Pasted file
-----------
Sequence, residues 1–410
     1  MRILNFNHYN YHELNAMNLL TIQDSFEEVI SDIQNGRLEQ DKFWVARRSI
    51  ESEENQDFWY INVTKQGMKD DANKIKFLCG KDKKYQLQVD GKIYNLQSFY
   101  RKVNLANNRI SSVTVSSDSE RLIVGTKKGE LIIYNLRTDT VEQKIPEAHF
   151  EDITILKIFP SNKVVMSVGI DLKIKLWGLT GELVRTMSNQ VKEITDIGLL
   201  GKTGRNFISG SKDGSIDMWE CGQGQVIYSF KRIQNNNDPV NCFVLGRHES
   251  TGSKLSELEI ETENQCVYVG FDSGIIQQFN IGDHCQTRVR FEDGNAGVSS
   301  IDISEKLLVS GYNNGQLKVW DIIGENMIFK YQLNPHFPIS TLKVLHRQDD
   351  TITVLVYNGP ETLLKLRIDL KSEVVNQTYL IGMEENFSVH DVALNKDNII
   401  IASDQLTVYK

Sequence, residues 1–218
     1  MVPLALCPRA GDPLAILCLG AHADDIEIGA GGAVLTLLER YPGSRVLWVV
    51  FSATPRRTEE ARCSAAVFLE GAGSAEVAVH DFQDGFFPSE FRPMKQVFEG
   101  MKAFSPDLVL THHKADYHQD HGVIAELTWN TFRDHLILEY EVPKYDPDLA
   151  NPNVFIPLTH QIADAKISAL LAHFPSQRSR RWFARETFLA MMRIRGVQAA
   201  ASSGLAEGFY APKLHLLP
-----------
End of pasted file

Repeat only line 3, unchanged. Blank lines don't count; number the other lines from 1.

    51  ESEENQDFWY INVTKQGMKD DANKIKFLCG KDKKYQLQVD GKIYNLQSFY